Humor theory began to fall out of favour in the 1850s with the advent of Germ Theory.

Shifting attitudes

Modern treatments of mental illness are most associated with the establishment of hospitals and asylums beginning in the 16th century. Most inmates were institutionalised against their will, lived in filth, and chained to walls, and were commonly exhibited to the public for a fee.

Mental illness was nonetheless viewed somatogenically, so treatments were similar to those for physical illnesses: purges, bleedings, and emetics.

The 18th century saw the development of a more humane treatment of people with mental illness. Protest arose over the conditions in which the mentally ill lived, and in England, humanitarian reforms arose from religious concerns. In 1785, Italian physician Vincenzo Chiarughi removed the chains of patients at his St. Boniface hospital in Florence, Italy, and encouraged good hygiene and recreational and occupational training for people suffering from mental illness.

The emergence of psychogenic theory

In the 18th and 19th century, what we in the West recognise now as psychotherapy was beginning to develop. During this time period, people who were treating mental illness struggled between a somatogenic and a psychogenic explanation of mental ill health, the latter of which was growing in popularity thanks to the work of Sigmund Freud.

Sigmund Freud's iceberg theory of the human psyche revolutionised medical practices and understanding of human psychology of the time.

Psychoanalysis became the dominant psychogenic treatment for mental illness during the first half of the 20th century, providing the launching pad for the more than 400 different schools of psychotherapy found today. Somatogenic treatments for mental ill health were being developed also during this period, such as lobotomies, electric convulsive therapy, and psychotropic medication, all of which were in use by the mid-20th century.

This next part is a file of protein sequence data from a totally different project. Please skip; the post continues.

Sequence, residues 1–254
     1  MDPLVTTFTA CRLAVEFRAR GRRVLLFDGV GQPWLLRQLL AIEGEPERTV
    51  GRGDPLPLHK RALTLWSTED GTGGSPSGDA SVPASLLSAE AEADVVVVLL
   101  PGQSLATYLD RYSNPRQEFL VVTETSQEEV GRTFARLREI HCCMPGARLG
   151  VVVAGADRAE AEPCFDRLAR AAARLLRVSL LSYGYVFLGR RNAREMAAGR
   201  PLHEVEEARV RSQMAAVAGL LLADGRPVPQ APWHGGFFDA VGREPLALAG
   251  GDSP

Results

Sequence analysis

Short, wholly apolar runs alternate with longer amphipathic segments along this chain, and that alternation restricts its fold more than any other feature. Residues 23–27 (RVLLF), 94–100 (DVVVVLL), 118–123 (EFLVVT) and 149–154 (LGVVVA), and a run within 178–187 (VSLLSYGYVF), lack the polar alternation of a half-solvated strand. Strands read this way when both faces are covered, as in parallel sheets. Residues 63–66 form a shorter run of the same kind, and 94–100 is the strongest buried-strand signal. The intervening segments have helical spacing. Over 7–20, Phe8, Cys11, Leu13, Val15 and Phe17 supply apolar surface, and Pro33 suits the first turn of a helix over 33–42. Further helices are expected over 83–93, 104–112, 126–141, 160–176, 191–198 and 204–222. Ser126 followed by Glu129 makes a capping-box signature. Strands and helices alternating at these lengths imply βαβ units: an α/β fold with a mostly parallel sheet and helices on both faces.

Currently, the main means of treatment for mental illness are the use of psychotropic medication and talking therapies, with surgical intervention being all but obsolete.

An age of enlightenment(?)

We know that the ideas of the time shape the lens through which mental ill health is viewed and therefore how it is treated. What is considered mentally ill and what is considered mentally well can change depending on the cultural norms of the day.

Presently, we seem to have come a long way in our understanding of mental illness. However, it is important to not fall into the trap of thinking that the present moment is an age of enlightenment. No doubt the people of the future will look back in aghast at some of the methods used for treating mental illness currently.

Looking to the future, there are already debates taking place that questions some of the practices of the medical model of mental illness, for example the efficacy of anti-depressant medication has been called into question.

Let’s just hope the days of trepanation are firmly in the past.


Further reading
  • Farreras, IG. History of mental illness. Available at: Accessed 28 September 2022.

  • Magnavita, JJ. In search of the unifying principles of psychotherapy: Conceptual, empirical, and clinical convergence. American Psychologist. 2006;61(8): 882.

  • Rössler, W. The stigma of mental disorders: A millennia-long history of social exclusion and prejudices. EMBO reports. 2016;17(9):1250–1253.